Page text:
Dependence on γ-aminobutyric acid of pyrethroid and 4′-chlorodiazepam modulation of the binding of t-[35S] butylbicyclophosphorothionate in piscine brain

A. J. Eshleman, Thomas F. Murray

Research output: Contribution to journalArticle

11 Citations (Scopus)

Abstract

Binding sites for t-[35S]butylbicyclophosphorothionate ([35S]TBPS) were detected in well-washed membranes from the brain of trout; γ-aminobutyric acid (GABA) acted as an uncompetitive inhibitor of the binding of [35S]TBPS, decreasing both the number of binding sites and the affinity of TBPS. Inhibition of the binding of [35S]TBPS by deltamethrin, a Type II pyrethroid, was modulated by GABA; both the affinity and the efficacy of this insecticide increased with incremental concentrations of GABA. Deltamethrin also enhanced the potency of GABA as an inhibitor of the binding of [35S]TBPS. The interaction of 4′-chlorodiazepam (Ro5-4864) with [35S]TBPS was dependent on GABA: in the absence of GABA, Ro5-4864 inhibited up to 40% of the binding: in the presence of 10 μM GABA, Ro5-4864 enhanced binding to a maximum value of 170% of control. However, the same absolute amount of binding was observed with both of these effects at micromolar concentrations of Ro5-4864. Also, Ro5-4864 caused a rtghtward shift in GABA dose-response curves, increasing the IC50 value for GABA more than 6 fold. These results indicate the reciprocal allosteric interactions between a binding site for pyrethroids, a binding site for Ro5-4864, the GABA recognition moiety and the binding site for TBPS in the brain of trout. The similarity of these findings to previous results in preparations of rodent brain highlight the conservation of the modulation of GABAA receptor function during the evolution of vertebrates.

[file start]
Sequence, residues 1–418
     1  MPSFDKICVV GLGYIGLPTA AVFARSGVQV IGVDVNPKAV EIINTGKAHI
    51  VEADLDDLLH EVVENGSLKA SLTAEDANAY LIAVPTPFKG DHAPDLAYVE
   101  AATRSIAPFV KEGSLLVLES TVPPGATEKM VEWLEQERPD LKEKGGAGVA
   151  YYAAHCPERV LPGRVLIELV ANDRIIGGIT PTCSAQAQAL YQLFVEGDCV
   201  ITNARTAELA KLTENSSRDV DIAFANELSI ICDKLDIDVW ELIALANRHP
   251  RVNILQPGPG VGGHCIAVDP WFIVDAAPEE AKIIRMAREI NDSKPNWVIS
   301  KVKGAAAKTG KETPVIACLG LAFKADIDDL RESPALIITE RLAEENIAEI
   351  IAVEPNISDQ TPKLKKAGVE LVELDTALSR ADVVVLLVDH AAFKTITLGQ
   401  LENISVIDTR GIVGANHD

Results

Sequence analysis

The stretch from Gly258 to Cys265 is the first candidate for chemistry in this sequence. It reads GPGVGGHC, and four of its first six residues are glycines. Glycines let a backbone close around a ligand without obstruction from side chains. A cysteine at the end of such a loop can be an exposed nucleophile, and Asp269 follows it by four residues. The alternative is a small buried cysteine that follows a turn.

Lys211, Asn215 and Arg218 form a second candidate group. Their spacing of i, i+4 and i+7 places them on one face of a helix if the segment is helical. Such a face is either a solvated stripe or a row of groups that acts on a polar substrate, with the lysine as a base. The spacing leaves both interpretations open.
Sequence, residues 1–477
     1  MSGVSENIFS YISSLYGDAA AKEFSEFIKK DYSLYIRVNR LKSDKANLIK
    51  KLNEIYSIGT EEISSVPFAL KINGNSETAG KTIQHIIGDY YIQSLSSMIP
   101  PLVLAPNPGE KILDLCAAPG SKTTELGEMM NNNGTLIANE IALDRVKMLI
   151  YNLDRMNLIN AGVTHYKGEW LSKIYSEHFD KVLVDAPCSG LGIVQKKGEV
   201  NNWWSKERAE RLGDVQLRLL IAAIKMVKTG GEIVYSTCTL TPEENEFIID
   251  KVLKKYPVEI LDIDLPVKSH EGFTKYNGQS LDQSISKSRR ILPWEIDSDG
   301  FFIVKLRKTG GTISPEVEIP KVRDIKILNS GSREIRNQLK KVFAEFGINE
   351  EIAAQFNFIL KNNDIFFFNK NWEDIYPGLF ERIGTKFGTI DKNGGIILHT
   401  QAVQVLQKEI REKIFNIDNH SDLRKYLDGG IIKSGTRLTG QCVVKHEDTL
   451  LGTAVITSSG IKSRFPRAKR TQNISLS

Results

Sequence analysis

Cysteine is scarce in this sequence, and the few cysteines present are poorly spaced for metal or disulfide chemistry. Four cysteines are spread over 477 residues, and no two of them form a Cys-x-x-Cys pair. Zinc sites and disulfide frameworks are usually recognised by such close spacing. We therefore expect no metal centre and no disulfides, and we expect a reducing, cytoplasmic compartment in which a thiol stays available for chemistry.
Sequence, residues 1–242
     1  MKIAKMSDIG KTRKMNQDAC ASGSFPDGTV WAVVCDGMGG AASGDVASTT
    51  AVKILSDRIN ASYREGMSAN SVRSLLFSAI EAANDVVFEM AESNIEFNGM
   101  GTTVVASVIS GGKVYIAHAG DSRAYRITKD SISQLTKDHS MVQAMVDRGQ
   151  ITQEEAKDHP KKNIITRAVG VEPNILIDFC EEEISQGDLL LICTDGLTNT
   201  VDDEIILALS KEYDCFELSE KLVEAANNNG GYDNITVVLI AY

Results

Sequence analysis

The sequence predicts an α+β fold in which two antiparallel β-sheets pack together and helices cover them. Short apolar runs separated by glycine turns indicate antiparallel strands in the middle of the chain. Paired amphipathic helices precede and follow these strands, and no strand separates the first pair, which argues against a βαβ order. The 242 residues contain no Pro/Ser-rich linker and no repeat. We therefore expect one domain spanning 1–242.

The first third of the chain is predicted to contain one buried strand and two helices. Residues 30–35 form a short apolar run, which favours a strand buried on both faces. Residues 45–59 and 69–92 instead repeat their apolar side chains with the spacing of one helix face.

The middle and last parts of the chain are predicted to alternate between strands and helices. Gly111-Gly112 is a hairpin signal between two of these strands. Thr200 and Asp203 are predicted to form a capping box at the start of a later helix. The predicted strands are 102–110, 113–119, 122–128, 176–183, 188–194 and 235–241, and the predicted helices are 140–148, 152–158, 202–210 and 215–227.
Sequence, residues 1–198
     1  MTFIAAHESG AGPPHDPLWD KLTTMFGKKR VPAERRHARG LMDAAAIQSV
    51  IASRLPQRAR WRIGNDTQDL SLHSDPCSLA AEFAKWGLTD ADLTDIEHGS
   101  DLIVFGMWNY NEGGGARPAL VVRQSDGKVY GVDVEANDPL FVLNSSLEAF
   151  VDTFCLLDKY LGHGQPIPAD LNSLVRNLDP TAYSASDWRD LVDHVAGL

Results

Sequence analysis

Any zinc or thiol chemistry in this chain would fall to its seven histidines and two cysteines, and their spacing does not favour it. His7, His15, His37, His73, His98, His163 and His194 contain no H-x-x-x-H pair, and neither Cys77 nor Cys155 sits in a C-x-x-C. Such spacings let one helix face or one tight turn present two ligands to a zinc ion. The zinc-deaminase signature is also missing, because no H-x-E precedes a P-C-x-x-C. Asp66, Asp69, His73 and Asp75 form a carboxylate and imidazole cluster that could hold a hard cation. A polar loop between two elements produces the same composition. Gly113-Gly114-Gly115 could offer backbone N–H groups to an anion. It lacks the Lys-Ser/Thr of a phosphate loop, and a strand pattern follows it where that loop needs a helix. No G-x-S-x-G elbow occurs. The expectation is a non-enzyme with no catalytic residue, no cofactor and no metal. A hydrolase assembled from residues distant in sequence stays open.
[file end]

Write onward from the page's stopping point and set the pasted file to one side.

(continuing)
Original languageEnglish
Pages (from-to)641-648
Number of pages8
JournalNeuropharmacology
Volume29
Issue number7
DOIs
StatePublished - 1990
Externally publishedYes

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Aminobutyrates
Pyrethrins
gamma-Aminobutyric Acid
Brain
Binding Sites
Trout
4'-chlorodiazepam
tert-butylbicyclophosphorothionate
GABA-A Receptors
Insecticides
Inhibitory Concentration 50
Vertebrates
Rodentia

All Science Journal Classification (ASJC) codes

  • Cellular and Molecular Neuroscience
  • Drug Discovery
  • Pharmacology

Cite this

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title = "Dependence on γ-aminobutyric acid of pyrethroid and 4′-chlorodiazepam modulation of the binding of t-[35S] butylbicyclophosphorothionate in piscine brain",
abstract = "Binding sites for t-[35S]butylbicyclophosphorothionate ([35S]TBPS) were detected in well-washed membranes from the brain of trout; γ-aminobutyric acid (GABA) acted as an uncompetitive inhibitor of the binding of [35S]TBPS, decreasing both the number of binding sites and the affinity of TBPS. Inhibition of the binding of [35S]TBPS by deltamethrin, a Type II pyrethroid, was modulated by GABA; both the affinity and the efficacy of this insecticide increased with incremental concentrations of GABA. Deltamethrin also enhanced the potency of GABA as an inhibitor of the binding of [35S]TBPS. The interaction of 4′-chlorodiazepam (Ro5-4864) with [35S]TBPS was dependent on GABA: in the absence of GABA, Ro5-4864 inhibited up to 40{\%} of the binding: in the presence of 10 μM GABA, Ro5-4864 enhanced binding to a maximum value of 170{\%} of control. However, the same absolute amount of binding was observed with both of these effects at micromolar concentrations of Ro5-4864. Also, Ro5-4864 caused a rtghtward shift in GABA dose-response curves, increasing the IC50 value for GABA more than 6 fold. These results indicate the reciprocal allosteric interactions between a binding site for pyrethroids, a binding site for Ro5-4864, the GABA recognition moiety and the binding site for TBPS in the brain of trout. The similarity of these findings to previous results in preparations of rodent brain highlight the conservation of the modulation of GABAA receptor function during the evolution of vertebrates.",